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11 French Travel Tips for Visiting America

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The Internet is full of French travelers who've experienced the United States and have things to say about the strange ways of Americans. With the help of Google Translate, Americans can get a peek at these revelations. We know that there are no doubt many Flossers who can translate French better than Google can (though probably not as hilariously), and we welcome any additional information in the comments.

1. Be Friendly to Nosy Strangers. Grind Their Knuckles!

Our custom is to kiss before, during, and after each social encounter, with 1, 2, 3, or 4 kisses. This is not the custom in the United States. For a friend, we will hug, with a great tapping on the back and a big smile. For colleagues, greet with a good handshake. Americans have a firm handshake, so do not hesitate to grind their knuckles. It is also a sign you have confidence in yourself.

Be prepared for an onslaught of friendliness. You may be approached by a stranger on the street asking you where you got your coat. Passersby greet each other cheerfully in the street. Your neighbor may compliment you on the curve of your muscles, and the cashier at the supermarket may ask you what you are doing with this beautiful weekend (and the three cases of rosé you've purchased). [Source]

2. You Have to Help People, And Look Like You Really Mean It.

A passerby stumbles and sprawls in the street, an old lady can barely control Brutus at the end of a leash, a small tricycle driver loses control of his vehicle. Politeness means, of course, that you come and help all these people. American culture wants you to quit all your activities and rescue the unfortunate. In America, you cannot pretend to not have noticed all these little quirks. You must rush to provide assistance to all who need it. [Source]

Whether in the street, public transport or any public place, we must adopt this reflex. Hard, tough, because it must be done without looking first to the right and left to see if someone is already trying to help the person in trouble. In short, it must be done spontaneously and with good heart. I like it when it happens: for example my keys jumped out of my bike basket when I hit a hole, and the Americans rushed at me to help. It's cool. I smile. [Source]

See Also: 4 Russian Travel Tips for Visiting America

3. They Feel No Humiliation about Their Eating Habits, even when asking for a "Doggy Bag."

Americans eat and drink anything and at any time of the day: in the street, in a meeting at work, in the car, on the subway, in the elevator, the movies ... So, there are drink rests everywhere: cinema seats, baby strollers, shopping carts at the supermarket, in cars, some bike handlebars. [Source]

The portions are often gargantuan in the United States (but you already knew that). Americans are not embarrassed to ask for a "doggy bag" to take home. They'll even take home the rest of the tortillas appetizer.

The art of asking for a doggy bag (for a French person) is sometimes difficult to implement; between servers who disappear faster than their shadows, and the dread that you will appear stingy, it is not always easy. [Source]

4. You Can Not Abandon Ugly Children. In Fact You Must Praise Them.

Want to drop off your pants at the cleaners, leave an item with the hotel receptionist or pop into the supermarket while the kids do their homework? Know that leaving children alone, whether at the home, in the car, or the hotel is frowned upon, even prohibited. [Source]

Rejoicing in the presence of children or pets. This is the correlate of "smile to strangers," it is mandatory to have a smile or a little "how cute" tilt to your head if you come across a child or pet. Even if they are ugly. [Source]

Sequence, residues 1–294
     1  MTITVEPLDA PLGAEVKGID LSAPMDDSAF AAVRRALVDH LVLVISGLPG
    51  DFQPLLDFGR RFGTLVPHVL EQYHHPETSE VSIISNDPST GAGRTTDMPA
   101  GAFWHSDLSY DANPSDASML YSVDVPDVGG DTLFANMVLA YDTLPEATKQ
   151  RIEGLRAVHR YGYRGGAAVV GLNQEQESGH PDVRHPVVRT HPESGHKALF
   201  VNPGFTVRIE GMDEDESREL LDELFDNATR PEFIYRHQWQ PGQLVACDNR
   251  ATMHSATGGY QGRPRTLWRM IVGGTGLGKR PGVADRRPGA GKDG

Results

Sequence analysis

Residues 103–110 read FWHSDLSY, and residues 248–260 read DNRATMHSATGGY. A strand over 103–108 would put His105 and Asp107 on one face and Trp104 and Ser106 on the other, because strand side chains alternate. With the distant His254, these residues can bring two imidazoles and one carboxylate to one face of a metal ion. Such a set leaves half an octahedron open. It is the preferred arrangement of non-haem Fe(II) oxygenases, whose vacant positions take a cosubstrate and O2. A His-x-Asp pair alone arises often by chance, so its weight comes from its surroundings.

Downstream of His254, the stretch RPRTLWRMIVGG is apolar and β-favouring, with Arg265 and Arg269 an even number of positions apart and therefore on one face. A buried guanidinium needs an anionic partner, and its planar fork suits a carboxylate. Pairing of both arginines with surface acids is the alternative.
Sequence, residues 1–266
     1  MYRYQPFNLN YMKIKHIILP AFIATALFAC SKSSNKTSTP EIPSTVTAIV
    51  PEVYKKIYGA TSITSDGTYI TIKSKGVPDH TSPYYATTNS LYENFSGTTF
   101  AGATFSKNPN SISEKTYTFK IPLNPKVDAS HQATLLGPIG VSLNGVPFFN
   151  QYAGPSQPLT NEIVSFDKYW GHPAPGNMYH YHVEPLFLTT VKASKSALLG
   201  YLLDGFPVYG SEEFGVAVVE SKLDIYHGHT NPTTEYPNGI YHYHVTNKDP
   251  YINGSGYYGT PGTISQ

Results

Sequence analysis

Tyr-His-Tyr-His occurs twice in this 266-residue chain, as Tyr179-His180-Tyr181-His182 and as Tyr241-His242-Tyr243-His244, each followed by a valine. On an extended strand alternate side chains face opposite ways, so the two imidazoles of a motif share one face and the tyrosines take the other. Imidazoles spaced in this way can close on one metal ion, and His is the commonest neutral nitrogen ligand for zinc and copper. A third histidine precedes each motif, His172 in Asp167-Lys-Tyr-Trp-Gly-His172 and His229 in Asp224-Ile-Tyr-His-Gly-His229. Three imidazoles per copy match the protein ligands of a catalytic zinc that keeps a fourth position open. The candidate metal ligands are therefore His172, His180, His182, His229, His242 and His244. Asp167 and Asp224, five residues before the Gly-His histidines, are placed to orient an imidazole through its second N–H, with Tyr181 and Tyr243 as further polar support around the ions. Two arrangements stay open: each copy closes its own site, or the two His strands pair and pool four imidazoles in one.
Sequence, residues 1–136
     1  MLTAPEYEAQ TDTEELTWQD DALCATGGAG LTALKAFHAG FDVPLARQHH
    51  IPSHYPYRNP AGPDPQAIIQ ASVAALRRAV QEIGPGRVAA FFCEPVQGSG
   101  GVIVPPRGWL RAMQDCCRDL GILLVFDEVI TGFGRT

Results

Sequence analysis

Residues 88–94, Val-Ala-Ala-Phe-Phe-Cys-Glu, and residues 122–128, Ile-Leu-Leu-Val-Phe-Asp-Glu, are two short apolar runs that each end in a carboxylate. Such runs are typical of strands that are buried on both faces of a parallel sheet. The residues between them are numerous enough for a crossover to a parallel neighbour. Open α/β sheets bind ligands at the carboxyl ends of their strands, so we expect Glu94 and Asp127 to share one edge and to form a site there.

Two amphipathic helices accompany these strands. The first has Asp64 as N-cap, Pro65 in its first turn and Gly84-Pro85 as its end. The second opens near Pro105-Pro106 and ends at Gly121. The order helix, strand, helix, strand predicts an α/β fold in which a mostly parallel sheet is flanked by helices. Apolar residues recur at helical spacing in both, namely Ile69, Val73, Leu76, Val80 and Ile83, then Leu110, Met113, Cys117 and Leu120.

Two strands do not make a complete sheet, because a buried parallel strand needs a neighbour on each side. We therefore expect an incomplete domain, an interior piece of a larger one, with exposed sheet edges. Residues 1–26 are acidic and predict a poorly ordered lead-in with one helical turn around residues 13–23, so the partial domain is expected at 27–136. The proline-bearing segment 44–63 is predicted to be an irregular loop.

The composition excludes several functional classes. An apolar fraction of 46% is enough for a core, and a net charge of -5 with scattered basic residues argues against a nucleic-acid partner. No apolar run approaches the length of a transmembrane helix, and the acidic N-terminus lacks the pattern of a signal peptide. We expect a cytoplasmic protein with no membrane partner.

5. The White Man and the Countdown.

Crossing the road as a pedestrian is not always easy, you often have to wait for ages. When the white man is on, you can cross. And then a stressful countdown shows the time remaining for you to cross, sometimes only a few seconds to cross large avenues. [Source]

6. They Don't Steal Your Stuff!

If it should happen I need to leave my stuff unattended when I'm in the coffee shop, I just ask someone to look at it for the time it takes for me to go to the toilet. When I forget something in my bike basket, it is still there, even at night. And when you have packages waiting for you at home, they remain in the lobby and no one takes them. It may seem normal and civic way of doing it, but I am surprised. Since coming to America, I've become much less suspicious. [Source]

7. Their Plumbing is Insulting.

The stuff that insulted my common sense is the fixed heads of showers[Source]

I still have not understood how it is that in my American sink I have, in addition to the tap, a flexible head (as in a French shower) to rinse the corners of the sink but in my shower / tub which is three times larger, I have a fixed head on the wall! No logic! [Source]

The other very strange occurrence is violent flushing. Be prepared when you flush to have the impression of being in an airplane toilet! [Source]

See Also: 10 Japanese Travel Tips for Visiting America 

8. Everything is so damn inspiring.

"Inspiring" became a word I heard every day: everything must be "inspiring" and push transcendence. We go to the movies, there is a choice between the biopic Lincoln, the Avengers or Misérables, each so inspiring in their own way. The books are inspiring, everyday people are inspiring (such as all the people with children and a job at the same time, teachers, etc...). I confess that I have a little trouble with this cult of everyday heroes. [Source]

9. They have orange pill pots and carefully prepare your medication, like in the movies!

I have to arm myself with patience for each passage to the pharmacy. Here, we will prepare your requirements in an orange pot in your name, with the correct number of tablets and the dose recommended above (yes, just like in the movies). So, it takes for ages. The trick? Post your order and continue shopping, then return later. [Source]

10. They All Go to the Bathroom Together in the Same Room. No Walls or Nothing.

If you want privacy (in a public restroom), no chance. There are no real walls, only partitions that do not even go to the ground. So you can see the shoes of your colleagues, hear all the noises ... And even the doors do not help much. You can see the faces of the occupants through the slits in the doorway. [Source]